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  • MIPS Final Score, Penalties, Bonuses—What’s New for 2019

    By Chris McDonagh and Jessica Peterson, MD, MPH

    Excerpted from “MIPS—What’s New for 2019”, a two-part EyeNet series (January and February, 2019), published online ahead of print. You also should bookmark EyeNet's MIPS 2019 (also published online ahead of print) and the Academy's MIPS hub page.

    MIPS final score—quality’s contribution is down, cost’s is up. In 2021, your payments for Medicare Part B services will be adjusted up or down based on your 2019 MIPS final score, which is a composite score that can range from 0 to 100 points and is based on your scores in 4 performance categories:

    • Quality is weighted at 45% (down from 50% in 2018), meaning it can contribute up to 45 points to your 2019 MIPS final score.
    • Promoting interoperability (PI) is weighted at 25% (same as 2018).
    • Improvement activities is weighted at 15% (same as 2018).
    • Cost is weighted at 15% (up from 10% in 2018). CMS states that it expects to continue boosting cost’s weight by 5%, and reducing quality’s weight by 5%, every year until they are each weighted at 30% of the final score. (Cost is required by statute to be weighted at 30% of the final score by performance year 2022.)

    Your scores can be reweighted. Like in 2018, the relative weights of these four scores can be adjusted. For example, if you qualify for a PI exception, PI’s weight in your 2019 MIPS final score will be re­duced to zero, and quality’s weight will be increased to 70%.

    Final score bonus points— one bonus has been retained, the other moved to quality. As in 2018, a complex patient bonus (0-5 points) can boost your MIPS final score. However, the small practice bonus has been moved from the MIPS final score to the quality performance category score.

    Table: Bonuses and Penalties

    2019 MIPS Final Score 2021 Payment Adjustment
    0-7.5 points – 7% penalty
    7.51-29.99 points Less than – 7% penalty*
    30 points Neutral (no bonus; no penalty)
    30.01-74.99 points Small bonus*
    75-100 points Small bonus* + exceptional performance bonus*
    * The penalty and these two bonuses will be based on linear sliding scales. For each of the bonuses, for example, the higher your 2019 score, the greater the positive adjustment that will be applied to your 2021 payments.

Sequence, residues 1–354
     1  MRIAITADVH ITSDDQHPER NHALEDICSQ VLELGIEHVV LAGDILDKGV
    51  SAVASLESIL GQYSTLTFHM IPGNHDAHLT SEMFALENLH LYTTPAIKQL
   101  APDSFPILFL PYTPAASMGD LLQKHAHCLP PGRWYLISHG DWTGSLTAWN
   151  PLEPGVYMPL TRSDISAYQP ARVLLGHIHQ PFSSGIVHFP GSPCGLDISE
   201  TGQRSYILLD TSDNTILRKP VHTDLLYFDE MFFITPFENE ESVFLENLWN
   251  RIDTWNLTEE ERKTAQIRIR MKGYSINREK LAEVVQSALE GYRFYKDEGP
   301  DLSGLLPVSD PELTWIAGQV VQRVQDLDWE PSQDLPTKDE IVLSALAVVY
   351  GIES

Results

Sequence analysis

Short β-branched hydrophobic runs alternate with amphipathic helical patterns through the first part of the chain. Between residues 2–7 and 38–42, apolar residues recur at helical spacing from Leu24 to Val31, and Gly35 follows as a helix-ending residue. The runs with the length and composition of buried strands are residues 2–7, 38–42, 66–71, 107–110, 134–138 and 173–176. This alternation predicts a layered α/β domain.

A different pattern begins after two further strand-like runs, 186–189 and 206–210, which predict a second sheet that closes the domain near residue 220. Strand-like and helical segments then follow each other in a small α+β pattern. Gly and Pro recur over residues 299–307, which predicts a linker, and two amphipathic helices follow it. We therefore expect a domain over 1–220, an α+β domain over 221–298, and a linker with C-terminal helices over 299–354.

Negative payment adjustments may be higher. As shown in Table 16: Payment Penalty, if your 2019 MIPS final score is less than 30 points, your payments for Medicare Part B services in 2021 will incur a negative payment adjustment; if you score 7.5 points or less, those payments will be subject to the maximum 2021 penalty of – 7%. (By comparison, during the 2018 performance year, scores of less than 15 points result in a negative payment adjustment in 2020, with scores of 0-3.75 points resulting in the maximum 2020 penalty of – 5%). 

    How the positive payment adjustments are funded. The performance bonus for clinicians who exceed 30 points is funded by the reduction in payments to those who score fewer than 30 points. The exceptional performance bonus for scoring at least 75 points is funded by a separate $500 million bonus pool.

    No change in performance periods. For 2019, the PI and improvement activities performance categories each require a performance period of at least 90 consecutive days; the performance period for quality and cost is the full calendar year. CMS also plans to maintain the same performance periods in the 2020 performance year.

    Avoiding the payment penalty is harder now that you must score at least 30 points—you must do more than report improvement activities. Scoring 100% for improvement activities contributes 15 points to your MIPS final score. For the 2018 performance year, that would have been enough to avoid the 2020 MIPS payment penalty. But if you max out your improvement activities score in 2019, you will still have to score points for quality measures and/or PI measures in order to get the 30 points that are needed to avoid a 2021 penalty.

    Special scoring for clinicians who join a practice late in the year. If you join a practice in the last three months of 2019, CMS will assume that you won’t have enough measures available to you to participate as an individual in MIPS. What does this mean for your score? If you join a newly formed practice (established after Oct. 1, 2019) or if you join an established practice where the clinicians are reporting as individuals, CMS will award you a MIPS final score of 30 points, which means you would get a neutral payment adjustment in 2021 (no bonus and no penalty). If you join an established practice that is reporting as a group, you would get the practice’s group score.

    Next: MIPS Eligibility Criteria—What’s New for 2019

    DISCLAIMER AND LIMITATION OF LIABILITY: Meeting regulatory requirements is a complicated process involving continually changing rules and the application of judgment to factual situations. The Academy does not guarantee or warrant that regulators and public or private payers will agree with the Academy’s information or recommendations. The Academy shall not be liable to you or any other party to any extent whatsoever for errors in, or omissions from, any such information provided by the Academy, its employees, agents, or representatives.

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